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Behind the scenes of 'The Addams Family' movie

Buh duh duh dum (snap, snap)

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Everett Collection

In a grand ballroom with black inlaid tiles and smudged, floor-to-ceiling windows, Raul Julia, dressed in a red satin cossack shirt and toreador pants, is getting his hair touched up by a bald man in black shorts. Anjelica Huston, pale as death, is plucking her eyebrows and tracing her eyeliner. Christopher Lloyd, plumped up with pillows and covered by a shapeless wool coat that a monk living off Baffin Bay might wear in the dead of winter, is plunging a dagger down his throat and loving the experience. No, these performers haven’t escaped from the Transylvania Circus. They’re the Addams Family, the campily macabre clan created by the late cartoonist Charles Addams and now being lovingly re-created for film. Gomez Addams (Julia), his wife, Morticia (Huston), and his brother, Fester (Lloyd), could not be more perfectly realized had they paraded off the pages of their hallowed haunt, The New Yorker.

The serenely bizarre characters are starring in Paramount’s The Addams Family, a $30 million comedy opening Nov. 22. As in the classic ’60s TV version, headed up by Carolyn Jones and John Astin, the Addamses constitute a household in which every social norm is turned on its head. Snipping flowers, Morticia chucks out the roses and makes an arrangement of thorny stems. She and Gomez repair to the backyard cemetery for their romantic interludes. And the dear child Wednesday gets permission from Mother to electrocute her plumpster brother Pugsley. ”Their values are different,” says director Barry Sonnenfeld. ”That’s what makes them happy.”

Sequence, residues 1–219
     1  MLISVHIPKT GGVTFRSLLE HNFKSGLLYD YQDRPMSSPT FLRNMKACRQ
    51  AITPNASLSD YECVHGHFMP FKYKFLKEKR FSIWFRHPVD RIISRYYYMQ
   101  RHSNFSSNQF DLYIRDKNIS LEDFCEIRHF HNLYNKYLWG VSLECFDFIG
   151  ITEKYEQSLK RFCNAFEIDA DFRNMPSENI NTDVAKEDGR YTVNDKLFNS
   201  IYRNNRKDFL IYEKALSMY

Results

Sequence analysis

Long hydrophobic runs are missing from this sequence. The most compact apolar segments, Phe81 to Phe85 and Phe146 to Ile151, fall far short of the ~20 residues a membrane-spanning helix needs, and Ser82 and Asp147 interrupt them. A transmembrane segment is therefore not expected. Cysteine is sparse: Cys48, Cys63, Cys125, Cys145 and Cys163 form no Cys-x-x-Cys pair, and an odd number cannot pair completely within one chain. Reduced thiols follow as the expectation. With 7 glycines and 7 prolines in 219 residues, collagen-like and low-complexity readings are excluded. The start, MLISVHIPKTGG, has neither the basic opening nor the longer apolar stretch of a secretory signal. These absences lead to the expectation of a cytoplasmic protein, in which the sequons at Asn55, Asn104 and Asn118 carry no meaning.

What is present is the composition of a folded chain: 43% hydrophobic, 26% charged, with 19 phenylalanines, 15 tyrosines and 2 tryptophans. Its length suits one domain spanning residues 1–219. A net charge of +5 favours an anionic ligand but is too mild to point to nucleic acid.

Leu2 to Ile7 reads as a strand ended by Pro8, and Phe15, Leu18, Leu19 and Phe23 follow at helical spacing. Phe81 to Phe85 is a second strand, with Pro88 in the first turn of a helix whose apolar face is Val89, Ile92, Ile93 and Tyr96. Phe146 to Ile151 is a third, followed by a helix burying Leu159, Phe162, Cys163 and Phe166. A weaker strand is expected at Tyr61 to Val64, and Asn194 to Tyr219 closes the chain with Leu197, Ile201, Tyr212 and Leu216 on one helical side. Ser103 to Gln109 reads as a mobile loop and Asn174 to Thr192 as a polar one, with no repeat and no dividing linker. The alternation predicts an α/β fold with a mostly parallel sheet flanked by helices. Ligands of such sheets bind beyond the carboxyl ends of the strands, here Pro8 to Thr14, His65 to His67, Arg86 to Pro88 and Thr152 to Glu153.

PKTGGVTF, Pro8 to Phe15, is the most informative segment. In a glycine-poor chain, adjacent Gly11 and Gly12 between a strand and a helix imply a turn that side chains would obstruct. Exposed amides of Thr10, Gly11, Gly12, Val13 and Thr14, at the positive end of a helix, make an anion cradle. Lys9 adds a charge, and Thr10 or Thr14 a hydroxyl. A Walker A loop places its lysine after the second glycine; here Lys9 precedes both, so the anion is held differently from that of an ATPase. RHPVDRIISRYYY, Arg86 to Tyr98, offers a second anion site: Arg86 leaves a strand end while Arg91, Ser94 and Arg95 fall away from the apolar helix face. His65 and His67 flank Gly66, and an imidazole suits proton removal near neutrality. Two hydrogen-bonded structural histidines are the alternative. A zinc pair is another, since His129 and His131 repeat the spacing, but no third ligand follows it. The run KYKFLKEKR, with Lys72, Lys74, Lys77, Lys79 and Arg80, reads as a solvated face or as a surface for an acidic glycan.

Gathered on a Hollywood soundstage, the Addams clan certainly seems happy. The whole hideous household is on hand: Gomez and Morticia; Wednesday (Christina Ricci) and Pugsley (Jimmy Workman); Cousin It (John Franklin), the five-foot fountain of hair; Lurch (Carel Struycken), the seven-foot tower of butler; Thing, the bodiless hand; and Lumpy (Ryan Holihan), a hunchback with a mouth plate and a pompadour. They’ve all gathered in the ballroom of their lavishly rotting mansion to celebrate the return of Uncle Fester, missing since a mishap involving a tuna net in the Bermuda Triangle 25 years ago. Gomez and Fester are dancing and singing ”The Mamushka,” a celebration of brotherly love written for the film by Broadway lyricists Betty Comden and Adolph Green and composer Marc Shaiman. The ditty ends with the two shouting ”mamushka!” and clasping each others’ shoulders joyfully as they kneel on the floor.

For the most part, however, happiness and The Addams Family have not gone hand in hand. After Orion Pictures got the rights to the characters from Addams, producer Scott Rudin considered a string of directors before finding Sonnenfeld, 38, a standout cinematographer (Misery, When Harry Met Sally , and Big) who had never directed a feature. The script, written by Caroline Thompson (Edward Scissorhands) and Larry Wilson (Beetlejuice), was an immediate problem. Sonnenfeld was dissatisfied even after months of revisions — ”It was too ‘setup and punch line,”’ he says — so playwright and novelist Paul Rudnick (I Hate Hamlet, I’ll Take It) was hired for more changes, which kept coming throughout the filming. ”We were getting new script pages every hour,” reports makeup artist Fern Buchner. Even after a month-long rehearsal, the shoot stretched from the planned four months to five.